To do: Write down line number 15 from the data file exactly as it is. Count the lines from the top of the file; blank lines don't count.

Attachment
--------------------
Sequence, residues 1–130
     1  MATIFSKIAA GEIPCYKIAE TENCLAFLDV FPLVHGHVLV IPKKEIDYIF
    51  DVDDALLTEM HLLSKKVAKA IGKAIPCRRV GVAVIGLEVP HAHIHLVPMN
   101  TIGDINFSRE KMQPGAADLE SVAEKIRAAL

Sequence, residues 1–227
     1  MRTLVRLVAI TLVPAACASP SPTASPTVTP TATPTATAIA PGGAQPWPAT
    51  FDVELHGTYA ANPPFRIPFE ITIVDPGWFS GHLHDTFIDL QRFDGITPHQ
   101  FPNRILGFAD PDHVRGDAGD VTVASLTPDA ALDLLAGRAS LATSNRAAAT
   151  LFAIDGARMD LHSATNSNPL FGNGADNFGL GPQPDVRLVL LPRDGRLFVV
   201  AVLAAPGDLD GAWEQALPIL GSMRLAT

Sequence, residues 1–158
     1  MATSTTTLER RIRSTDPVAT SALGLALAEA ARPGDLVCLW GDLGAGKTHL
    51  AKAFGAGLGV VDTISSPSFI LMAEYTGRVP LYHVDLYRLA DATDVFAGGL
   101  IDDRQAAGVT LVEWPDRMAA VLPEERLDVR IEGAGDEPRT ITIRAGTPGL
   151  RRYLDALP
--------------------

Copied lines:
   151  RRYLDALP